Force classification during robotic interventions through simulation-trained neural networks
Intravitreal injection is among the most frequent treatment strategies for chronic ophthalmic diseases. The last decade has seen a serious increase in the number of intravitreal injections, and with it, adverse effects and drawbacks. To tackle these problems, medical assistive devices for robotized injections have been suggested and are projected to enhance delivery mechanisms for a new generation of pharmacological solutions. In this paper, we present a method aimed at improving the safety characteristics of upcoming robotic systems. Our vision-based method uses a combination of 2D OCT data, numerical simulation and machine learning to classify the range of the force applied by an injection needle on the sclera.
We design a neural network to classify force ranges from optical coherence tomography (OCT) images of the sclera directly. To avoid the need for large real data sets, the network is trained on images of simulated deformed sclera. This simulation is based on a finite element method, and the model is parameterized using a Bayesian filter applied to observations of the deformation in OCT images.
We validate our approach on real OCT data collected on five ex vivo porcine eyes using a robotically guided needle. The thorough parameterization of the simulations leads to a very good agreement between the virtually generated samples used to train the network and the real OCT acquisitions. Results show that the applied force range on real data can be predicted with 93% accuracy.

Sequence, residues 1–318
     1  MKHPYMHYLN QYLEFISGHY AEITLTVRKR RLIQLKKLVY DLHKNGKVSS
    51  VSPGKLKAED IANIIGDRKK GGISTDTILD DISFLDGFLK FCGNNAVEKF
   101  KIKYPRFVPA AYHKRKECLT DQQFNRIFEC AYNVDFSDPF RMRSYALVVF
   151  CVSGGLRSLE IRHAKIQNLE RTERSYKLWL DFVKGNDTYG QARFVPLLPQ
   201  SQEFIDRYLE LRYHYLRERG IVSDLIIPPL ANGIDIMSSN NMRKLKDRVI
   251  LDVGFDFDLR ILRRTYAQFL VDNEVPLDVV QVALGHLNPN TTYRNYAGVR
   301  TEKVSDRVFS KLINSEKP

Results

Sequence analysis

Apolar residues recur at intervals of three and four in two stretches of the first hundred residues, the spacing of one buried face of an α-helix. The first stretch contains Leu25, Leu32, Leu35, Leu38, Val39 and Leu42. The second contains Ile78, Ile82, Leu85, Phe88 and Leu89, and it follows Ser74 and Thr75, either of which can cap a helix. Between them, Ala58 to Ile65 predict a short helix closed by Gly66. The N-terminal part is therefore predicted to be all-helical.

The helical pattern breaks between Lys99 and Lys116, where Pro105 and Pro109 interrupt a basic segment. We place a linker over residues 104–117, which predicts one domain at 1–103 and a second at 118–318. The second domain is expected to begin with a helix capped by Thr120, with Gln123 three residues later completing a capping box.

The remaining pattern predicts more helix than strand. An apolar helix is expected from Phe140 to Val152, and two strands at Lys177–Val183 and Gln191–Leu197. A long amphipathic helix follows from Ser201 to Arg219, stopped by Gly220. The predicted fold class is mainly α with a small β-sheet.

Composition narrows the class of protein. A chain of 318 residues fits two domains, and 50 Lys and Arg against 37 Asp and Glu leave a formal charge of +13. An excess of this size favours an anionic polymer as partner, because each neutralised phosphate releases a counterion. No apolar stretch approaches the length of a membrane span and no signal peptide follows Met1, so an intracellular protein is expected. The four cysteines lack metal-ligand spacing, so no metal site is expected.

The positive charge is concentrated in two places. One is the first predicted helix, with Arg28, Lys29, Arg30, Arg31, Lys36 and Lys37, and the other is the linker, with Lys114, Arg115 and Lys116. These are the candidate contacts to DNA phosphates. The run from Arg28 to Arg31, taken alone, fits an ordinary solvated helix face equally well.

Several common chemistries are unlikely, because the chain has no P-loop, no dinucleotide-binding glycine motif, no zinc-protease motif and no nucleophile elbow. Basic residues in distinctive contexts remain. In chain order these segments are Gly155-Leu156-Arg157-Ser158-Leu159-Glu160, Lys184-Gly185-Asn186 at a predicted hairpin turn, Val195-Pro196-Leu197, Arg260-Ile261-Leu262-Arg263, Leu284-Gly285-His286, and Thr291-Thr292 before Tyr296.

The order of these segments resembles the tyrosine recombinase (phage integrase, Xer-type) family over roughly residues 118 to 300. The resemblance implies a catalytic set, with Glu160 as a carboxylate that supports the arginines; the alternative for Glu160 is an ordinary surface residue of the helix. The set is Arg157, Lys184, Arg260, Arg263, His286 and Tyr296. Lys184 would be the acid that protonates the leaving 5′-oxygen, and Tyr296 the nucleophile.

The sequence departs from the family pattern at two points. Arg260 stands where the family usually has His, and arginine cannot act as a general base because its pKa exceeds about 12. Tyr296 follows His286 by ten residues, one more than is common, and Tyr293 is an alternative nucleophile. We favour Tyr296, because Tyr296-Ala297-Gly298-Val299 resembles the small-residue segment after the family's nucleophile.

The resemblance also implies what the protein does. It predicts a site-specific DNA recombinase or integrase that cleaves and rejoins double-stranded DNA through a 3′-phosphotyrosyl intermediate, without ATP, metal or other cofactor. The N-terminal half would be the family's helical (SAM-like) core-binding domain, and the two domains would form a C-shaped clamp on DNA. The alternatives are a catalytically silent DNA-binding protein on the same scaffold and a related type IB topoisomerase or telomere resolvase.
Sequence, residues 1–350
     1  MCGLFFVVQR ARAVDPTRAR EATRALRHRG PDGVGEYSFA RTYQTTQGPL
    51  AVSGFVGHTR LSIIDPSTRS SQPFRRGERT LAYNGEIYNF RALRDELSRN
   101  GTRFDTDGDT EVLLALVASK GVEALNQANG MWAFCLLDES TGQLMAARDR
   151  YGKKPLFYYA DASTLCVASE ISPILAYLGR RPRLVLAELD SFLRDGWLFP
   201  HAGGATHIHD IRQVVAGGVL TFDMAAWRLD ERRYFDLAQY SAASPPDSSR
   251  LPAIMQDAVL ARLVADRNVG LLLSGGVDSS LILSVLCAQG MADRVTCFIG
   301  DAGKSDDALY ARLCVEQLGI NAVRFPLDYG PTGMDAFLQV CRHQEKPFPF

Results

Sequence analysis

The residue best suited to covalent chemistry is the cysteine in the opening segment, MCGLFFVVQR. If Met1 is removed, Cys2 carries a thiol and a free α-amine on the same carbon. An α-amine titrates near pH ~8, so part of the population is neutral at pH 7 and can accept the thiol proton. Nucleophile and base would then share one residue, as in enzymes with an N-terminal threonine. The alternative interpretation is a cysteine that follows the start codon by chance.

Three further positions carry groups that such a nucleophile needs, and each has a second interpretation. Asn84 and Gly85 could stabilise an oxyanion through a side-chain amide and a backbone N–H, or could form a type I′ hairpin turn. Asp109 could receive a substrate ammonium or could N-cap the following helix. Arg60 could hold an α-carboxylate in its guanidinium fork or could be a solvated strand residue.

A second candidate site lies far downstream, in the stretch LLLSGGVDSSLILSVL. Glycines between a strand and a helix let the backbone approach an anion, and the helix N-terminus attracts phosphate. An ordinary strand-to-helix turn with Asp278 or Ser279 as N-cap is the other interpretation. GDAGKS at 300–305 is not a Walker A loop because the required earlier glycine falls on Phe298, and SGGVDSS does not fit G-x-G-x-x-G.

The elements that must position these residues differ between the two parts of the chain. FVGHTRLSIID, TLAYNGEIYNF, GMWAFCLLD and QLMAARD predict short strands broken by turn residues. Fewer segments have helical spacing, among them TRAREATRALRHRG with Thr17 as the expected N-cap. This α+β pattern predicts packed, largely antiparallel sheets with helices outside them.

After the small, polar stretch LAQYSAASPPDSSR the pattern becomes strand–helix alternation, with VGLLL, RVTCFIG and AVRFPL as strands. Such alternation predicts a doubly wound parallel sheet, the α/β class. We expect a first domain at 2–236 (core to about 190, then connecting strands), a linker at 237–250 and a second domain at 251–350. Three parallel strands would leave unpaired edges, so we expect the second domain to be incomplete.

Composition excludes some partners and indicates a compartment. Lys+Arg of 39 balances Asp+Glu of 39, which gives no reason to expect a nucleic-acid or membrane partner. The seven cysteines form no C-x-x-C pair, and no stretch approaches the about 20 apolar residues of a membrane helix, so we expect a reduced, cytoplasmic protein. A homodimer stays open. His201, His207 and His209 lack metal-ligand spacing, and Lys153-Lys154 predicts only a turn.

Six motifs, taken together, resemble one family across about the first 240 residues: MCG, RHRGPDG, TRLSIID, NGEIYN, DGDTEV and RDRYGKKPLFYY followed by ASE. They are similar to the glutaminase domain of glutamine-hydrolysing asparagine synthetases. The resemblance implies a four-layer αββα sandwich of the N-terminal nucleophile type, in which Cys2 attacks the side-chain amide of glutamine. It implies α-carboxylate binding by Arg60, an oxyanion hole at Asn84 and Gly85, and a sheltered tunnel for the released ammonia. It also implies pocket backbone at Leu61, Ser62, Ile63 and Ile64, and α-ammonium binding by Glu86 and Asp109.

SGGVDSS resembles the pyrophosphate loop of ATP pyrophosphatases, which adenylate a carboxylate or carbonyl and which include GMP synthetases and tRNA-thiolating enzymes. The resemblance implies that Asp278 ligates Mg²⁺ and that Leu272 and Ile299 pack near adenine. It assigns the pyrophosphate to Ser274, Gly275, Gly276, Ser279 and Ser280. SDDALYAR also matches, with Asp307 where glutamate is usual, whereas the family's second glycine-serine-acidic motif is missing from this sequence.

Through a simulation-trained neural network, our approach estimates the force range applied by a robotically guided needle on the sclera based solely on a single OCT slice of the deformed sclera. Being real-time, this solution can be integrated in the control loop of the system, permitting the prompt withdrawal of the needle for safety reasons.
KeywordsFinite element modeling Bayesian inference Artificial neural networks Force estimation in robotics
The authors would like to thank Jan Hermann and Tatiana Fountoukidou for the help in the experimental data gathering and Igor Peterlik for his advice and code on Bayesian filtering.
Compliance with ethical standards
Conflict of interest
The authors declare that they have no conflict of interest.
Human and animal rights
This article does not contain any studies with animals performed by any of the authors.
This articles does not contain patient data.
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